It feels like we're living in a Chastainaissance with Jessica Chastain's presence being felt throughout the festival, her face on all marquees and billboards. Starring in two films, plus having a new mini-series debuting on HBO this week, her moment has arrived.

Her latest film, “The Eyes of Tammy Faye,” finally made its debut to rapturous enthusiasm, cementing her as an early Oscar favorite.

The film, of course, chronicles the rise and fall of Jim and Tammy Faye Bakker, played by Andrew Garfield and Chastain. Even for those who think they know the story, Director Michael Showalter (“The Big Sick”) and producer Chastain wade through the absurd and scandalous to reveal just how unhinged this couple became.

The film, which opens Friday, contains some of the most impressive hair and makeup artistry you will find within any film this year.

The Bakker story would sound like fiction to those uninformed about how everything unraveled in real time on "The Praise The Lord Club," one of the most watched networks in the late 80s. Equal parts ridiculous and at times moving, the filmmakers present a different side of Tammy Faye that will be up to the audience to embrace or reject.

“The Eyes of Tammy Faye" will release in theaters Friday.


From colorful and vivacious to the feature debut of Director Bretten Hannam, exploring Mi’kmaq (First Nations people, indigenous to the areas of Canada) culture in the coming of age story “Wildhood."

This is the type of hidden gem that the Toronto International Film Festival gets praise for finding and shedding light on. While it’s easy to get caught up with the big titles and stars of the festival, “Wildhood” is an example of giving emerging, diverse, filmmaking talent a chance to be seen.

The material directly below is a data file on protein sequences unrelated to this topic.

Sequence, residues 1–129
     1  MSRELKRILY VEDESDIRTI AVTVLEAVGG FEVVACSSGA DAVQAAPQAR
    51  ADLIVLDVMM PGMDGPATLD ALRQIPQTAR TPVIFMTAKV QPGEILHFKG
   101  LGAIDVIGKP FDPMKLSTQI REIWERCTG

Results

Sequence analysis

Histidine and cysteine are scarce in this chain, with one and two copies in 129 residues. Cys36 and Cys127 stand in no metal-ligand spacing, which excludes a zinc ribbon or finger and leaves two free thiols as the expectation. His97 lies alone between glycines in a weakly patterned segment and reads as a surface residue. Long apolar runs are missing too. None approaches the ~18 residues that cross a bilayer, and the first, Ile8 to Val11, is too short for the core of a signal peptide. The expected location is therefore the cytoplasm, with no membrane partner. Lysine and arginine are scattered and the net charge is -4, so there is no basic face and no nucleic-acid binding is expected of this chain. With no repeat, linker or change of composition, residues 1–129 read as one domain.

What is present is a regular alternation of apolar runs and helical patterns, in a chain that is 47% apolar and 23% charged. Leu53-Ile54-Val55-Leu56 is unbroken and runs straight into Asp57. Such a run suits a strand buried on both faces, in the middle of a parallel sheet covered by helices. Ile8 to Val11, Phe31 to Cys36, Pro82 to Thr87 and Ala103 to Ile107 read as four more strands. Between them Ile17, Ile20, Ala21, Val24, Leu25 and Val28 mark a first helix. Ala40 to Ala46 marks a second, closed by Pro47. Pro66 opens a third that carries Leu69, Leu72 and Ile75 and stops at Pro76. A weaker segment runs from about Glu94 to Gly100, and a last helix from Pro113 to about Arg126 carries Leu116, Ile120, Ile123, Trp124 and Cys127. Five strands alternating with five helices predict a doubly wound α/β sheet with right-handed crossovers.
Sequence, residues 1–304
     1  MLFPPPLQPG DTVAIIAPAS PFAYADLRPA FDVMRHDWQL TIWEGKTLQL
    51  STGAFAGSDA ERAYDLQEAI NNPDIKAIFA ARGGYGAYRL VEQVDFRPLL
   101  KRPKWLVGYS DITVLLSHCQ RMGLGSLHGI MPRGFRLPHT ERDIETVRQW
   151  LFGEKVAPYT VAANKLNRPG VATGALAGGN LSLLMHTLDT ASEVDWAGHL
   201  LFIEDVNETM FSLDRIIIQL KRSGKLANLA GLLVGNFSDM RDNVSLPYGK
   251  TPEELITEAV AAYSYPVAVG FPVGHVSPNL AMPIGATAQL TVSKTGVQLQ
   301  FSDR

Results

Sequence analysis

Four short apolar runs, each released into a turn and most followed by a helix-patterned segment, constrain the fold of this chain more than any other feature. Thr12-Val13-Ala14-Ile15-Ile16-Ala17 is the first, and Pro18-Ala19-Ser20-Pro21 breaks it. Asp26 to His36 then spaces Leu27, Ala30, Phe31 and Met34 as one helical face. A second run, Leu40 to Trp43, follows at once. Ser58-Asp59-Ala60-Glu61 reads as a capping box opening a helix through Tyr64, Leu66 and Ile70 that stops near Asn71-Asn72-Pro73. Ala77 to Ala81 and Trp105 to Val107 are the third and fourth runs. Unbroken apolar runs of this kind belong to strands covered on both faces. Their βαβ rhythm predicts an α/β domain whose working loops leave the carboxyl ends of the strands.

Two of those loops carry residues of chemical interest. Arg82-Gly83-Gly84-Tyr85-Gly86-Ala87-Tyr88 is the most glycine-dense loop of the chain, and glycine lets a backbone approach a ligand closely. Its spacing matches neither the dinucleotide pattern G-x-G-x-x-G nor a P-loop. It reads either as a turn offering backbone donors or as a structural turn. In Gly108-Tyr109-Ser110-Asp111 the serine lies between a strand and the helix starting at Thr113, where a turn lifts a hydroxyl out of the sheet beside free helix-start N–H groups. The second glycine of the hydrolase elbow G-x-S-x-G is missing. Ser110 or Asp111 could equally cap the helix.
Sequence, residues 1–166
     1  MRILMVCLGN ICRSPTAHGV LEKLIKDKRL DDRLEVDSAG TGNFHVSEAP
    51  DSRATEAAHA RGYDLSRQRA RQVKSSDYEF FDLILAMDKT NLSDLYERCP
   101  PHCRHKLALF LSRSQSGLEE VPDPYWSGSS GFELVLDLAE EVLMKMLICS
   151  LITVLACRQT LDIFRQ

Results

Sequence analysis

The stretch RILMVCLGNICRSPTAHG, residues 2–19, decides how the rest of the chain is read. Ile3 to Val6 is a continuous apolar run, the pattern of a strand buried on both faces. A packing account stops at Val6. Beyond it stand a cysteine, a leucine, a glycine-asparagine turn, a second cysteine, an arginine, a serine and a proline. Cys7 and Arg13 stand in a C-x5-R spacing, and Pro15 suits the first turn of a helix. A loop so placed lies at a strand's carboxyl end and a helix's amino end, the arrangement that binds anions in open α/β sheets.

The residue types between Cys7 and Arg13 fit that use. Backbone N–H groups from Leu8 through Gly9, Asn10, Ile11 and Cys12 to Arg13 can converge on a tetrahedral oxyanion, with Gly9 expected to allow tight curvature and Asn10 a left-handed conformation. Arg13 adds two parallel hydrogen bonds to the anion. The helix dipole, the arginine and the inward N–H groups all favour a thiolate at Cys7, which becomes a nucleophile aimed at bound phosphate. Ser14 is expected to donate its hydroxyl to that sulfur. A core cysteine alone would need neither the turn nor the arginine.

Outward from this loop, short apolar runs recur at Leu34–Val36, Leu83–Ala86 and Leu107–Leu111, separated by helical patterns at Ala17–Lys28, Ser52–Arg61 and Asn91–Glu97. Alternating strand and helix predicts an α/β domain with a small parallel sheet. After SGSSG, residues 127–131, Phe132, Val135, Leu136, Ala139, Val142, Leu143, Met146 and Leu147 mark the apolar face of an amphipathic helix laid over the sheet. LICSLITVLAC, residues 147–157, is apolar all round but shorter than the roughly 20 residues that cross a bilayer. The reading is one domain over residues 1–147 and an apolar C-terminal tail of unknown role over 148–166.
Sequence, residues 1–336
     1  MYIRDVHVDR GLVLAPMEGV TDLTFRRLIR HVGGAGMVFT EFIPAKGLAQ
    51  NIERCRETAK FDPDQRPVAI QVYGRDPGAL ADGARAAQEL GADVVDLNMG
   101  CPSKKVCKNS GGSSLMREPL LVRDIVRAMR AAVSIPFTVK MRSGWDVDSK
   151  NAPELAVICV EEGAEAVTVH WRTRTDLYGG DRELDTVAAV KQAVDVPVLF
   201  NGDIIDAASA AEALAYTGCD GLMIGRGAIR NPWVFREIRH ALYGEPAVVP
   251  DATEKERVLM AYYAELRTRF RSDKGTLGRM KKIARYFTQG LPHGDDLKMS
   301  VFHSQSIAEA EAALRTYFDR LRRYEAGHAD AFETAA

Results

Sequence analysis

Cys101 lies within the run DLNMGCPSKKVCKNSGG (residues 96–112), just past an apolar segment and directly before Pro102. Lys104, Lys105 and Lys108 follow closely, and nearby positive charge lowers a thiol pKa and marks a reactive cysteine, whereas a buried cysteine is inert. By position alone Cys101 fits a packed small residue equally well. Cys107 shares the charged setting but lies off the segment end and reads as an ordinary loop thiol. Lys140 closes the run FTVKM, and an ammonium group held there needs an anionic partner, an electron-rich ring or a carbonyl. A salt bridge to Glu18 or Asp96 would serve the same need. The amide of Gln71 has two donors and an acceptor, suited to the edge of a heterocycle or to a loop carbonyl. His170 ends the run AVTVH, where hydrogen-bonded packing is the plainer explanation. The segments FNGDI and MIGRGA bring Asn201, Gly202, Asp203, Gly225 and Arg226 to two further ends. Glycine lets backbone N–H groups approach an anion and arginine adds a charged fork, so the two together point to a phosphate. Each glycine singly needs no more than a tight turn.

The story follows a rebellious teenager named Link (Phillip Lewitski) struggling with his sexuality and protecting his little brother from an abusive father. They run away from their trailer park ilk to find a mother who abandoned them.

Their journey leads them on back roads and into the path of Mi’kmaq teen Pasmay (Joshua Odjick), rejected by his religious family. The three boys find people along their route who knew Link’s mom and hitchhike their way toward clues of her whereabouts.

Hannam’s coming of age story stands firmly on original ground, rich in culture and its exploration of sexuality. It’s equal parts tender, brash, raucous and sensual. It’s an ironically beautiful film that follows teenagers through mud, wilderness and depravity.

Film Boutique purchased "Wildwood," which doesn't have a pending release date yet.


Something else to know, the press screenings are called P&I screenings (press and industry), they're no fan-fare screenings and are usually held earlier in the morning.

The public screenings to more popular films are usually in the evenings at larger one-screen venues. With that being said, most press don’t give audible responses during a film, nor do they applaud at credits like in public screenings where the filmmakers are typically present.